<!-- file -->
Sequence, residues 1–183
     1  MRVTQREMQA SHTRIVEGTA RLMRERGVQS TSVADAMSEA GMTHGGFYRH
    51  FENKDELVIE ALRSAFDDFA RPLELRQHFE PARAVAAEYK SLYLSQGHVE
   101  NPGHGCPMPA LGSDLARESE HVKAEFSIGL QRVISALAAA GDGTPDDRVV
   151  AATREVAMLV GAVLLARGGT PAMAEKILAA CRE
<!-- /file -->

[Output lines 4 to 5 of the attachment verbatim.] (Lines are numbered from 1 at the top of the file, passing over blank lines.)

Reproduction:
   101  NPGHGCPMPA LGSDLARESE HVKAEFSIGL QRVISALAAA GDGTPDDRVV
   151  AATREVAMLV GAVLLARGGT PAMAEKILAA CRE